The IRE Resource Center is a major research library containing more than 27,000 investigative stories.
Most of our stories are not available for download but can be easily ordered by contacting the Resource Center directly at 573-882-3364 or firstname.lastname@example.org where a researcher can help you pinpoint what you need.
Search results for "blood testing" ...
In 2014, Theranos founder and CEO Elizabeth Holmes was widely seen as the female Steve Jobs: a brilliant Stanford dropout whose startup "unicorn" promised to revolutionize the medical industry with a machine that would make blood testing significantly faster and easier. Backed by investors such as Larry Ellison and Tim Draper, Theranos sold shares in a fundraising round that valued the company at more than $9 billion, putting Holmes's worth at an estimated $4.7 billion. There was just one problem: The technology didn't work. A riveting story of the biggest corporate fraud since Enron, a tale of ambition and hubris set amid the bold promises of Silicon Valley.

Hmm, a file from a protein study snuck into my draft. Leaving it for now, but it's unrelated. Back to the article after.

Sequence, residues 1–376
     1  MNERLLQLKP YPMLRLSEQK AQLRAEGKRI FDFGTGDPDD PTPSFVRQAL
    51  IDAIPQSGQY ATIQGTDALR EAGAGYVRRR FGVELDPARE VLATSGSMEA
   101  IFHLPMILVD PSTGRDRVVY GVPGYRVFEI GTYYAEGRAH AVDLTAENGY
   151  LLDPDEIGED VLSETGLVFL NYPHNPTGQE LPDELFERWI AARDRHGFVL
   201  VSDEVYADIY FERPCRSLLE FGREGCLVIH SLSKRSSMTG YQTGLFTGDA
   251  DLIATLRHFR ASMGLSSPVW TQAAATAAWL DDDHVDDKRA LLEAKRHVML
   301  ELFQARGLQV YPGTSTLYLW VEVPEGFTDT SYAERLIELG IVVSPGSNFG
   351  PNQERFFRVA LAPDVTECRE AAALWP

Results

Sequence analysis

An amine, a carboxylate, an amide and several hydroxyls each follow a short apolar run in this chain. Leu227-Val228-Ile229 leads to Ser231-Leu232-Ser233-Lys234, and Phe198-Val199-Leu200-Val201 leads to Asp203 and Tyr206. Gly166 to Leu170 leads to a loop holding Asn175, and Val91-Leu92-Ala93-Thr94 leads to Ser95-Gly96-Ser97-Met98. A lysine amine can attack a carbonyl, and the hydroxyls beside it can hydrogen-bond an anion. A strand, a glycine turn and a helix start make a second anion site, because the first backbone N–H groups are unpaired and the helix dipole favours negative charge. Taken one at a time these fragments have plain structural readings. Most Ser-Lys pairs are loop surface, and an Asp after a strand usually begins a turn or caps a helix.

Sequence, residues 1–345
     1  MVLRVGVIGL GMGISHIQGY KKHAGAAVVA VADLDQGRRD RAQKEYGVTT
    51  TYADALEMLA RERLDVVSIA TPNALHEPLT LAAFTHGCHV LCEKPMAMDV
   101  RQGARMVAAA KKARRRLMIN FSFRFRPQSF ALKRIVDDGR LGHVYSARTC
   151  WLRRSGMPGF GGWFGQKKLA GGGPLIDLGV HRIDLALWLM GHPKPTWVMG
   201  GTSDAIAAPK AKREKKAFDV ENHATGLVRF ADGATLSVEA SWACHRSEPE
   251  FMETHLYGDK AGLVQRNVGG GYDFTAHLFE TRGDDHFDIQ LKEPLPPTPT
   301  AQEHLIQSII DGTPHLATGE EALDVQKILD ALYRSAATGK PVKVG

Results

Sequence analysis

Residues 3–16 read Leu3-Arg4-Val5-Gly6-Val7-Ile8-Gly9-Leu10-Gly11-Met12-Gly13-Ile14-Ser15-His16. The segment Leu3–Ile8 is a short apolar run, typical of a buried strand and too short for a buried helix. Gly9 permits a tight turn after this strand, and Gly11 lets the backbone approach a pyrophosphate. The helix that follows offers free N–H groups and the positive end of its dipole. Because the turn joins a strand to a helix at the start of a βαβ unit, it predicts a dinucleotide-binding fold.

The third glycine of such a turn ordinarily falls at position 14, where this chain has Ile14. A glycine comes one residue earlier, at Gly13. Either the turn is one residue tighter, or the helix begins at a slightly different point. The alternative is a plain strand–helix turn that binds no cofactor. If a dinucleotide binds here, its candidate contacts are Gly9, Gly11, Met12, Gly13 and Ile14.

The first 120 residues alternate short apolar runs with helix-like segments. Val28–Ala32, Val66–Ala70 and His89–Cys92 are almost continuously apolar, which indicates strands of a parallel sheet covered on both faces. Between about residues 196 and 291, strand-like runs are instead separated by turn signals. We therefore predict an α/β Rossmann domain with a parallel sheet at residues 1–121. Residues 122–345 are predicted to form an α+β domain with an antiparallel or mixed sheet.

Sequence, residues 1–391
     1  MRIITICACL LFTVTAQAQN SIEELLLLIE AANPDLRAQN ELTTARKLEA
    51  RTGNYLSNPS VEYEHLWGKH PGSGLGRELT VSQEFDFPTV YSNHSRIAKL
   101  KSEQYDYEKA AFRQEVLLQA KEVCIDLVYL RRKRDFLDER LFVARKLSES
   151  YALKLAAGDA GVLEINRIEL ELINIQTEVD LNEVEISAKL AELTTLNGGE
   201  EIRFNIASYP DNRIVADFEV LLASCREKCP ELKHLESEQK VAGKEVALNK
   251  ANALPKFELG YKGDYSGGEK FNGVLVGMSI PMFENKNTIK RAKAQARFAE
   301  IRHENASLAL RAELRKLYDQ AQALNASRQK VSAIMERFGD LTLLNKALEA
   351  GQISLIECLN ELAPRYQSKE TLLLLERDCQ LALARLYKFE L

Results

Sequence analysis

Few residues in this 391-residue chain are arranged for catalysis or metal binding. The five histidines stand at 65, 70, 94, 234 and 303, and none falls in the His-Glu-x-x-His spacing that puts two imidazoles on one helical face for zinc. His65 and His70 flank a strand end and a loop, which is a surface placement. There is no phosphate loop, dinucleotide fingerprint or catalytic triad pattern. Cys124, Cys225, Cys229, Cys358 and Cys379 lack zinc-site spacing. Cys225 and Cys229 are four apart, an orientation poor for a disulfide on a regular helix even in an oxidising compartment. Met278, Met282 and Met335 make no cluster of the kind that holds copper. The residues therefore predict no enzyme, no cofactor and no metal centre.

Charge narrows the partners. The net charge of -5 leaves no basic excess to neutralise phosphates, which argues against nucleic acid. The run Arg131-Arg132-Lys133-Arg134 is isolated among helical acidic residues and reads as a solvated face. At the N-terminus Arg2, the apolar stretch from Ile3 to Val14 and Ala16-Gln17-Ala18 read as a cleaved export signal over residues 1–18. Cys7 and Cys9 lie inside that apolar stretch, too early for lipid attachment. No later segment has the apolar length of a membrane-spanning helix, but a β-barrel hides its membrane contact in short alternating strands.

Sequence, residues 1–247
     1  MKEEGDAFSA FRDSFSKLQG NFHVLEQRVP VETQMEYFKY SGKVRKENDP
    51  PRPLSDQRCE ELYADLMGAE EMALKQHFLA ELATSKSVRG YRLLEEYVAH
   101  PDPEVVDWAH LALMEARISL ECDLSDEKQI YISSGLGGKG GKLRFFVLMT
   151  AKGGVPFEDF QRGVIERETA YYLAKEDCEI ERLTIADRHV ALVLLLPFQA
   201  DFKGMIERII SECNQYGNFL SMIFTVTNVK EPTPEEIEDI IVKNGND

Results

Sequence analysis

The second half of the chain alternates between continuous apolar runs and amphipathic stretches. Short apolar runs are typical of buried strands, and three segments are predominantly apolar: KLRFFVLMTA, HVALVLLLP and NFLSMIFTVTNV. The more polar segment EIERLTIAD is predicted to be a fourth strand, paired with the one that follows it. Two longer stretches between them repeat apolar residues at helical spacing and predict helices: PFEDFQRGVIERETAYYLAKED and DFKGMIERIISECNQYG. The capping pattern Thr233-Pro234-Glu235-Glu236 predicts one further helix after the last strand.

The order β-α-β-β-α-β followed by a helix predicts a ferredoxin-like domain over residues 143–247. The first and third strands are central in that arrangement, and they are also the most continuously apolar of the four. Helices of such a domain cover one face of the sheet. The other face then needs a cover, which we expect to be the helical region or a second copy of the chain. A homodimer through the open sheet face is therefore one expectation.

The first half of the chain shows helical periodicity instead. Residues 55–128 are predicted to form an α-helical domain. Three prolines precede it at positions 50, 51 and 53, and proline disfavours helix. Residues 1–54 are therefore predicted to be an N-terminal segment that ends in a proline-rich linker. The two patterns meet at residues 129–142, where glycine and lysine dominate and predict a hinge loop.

The Wall Street Journal saved patients from harm by revealing fraud at the heart of one of Silicon Valley’s hottest companies. Were it not for the Journal’s reporting in 2016, tens of thousands of patients would have been put at risk and a company built on fraudulent foundations would still be a Silicon Valley darling. Theranos, a $9 billion laboratory startup, had promised to revolutionize blood testing by drawing just a few drops of blood with a finger prick. It wasn’t close. A team of Journal reporters, in a committed and extensive investigation, exposed how its technology didn’t work, how the company tried to cover up its failures and how patients’ lives were turned upside down and their health jeopardized.
The authors tested a typical family's blood, hair, and urine for the presence of several everyday chemical contaminants known collectively as our "body's burden." The investigation revealed the presence of flame retardants, plastics, metals, PCBs, even the chemical precursors for Teflon and Gore-Tex in each family member, with concentrations in the children often far outpacing those in their parents.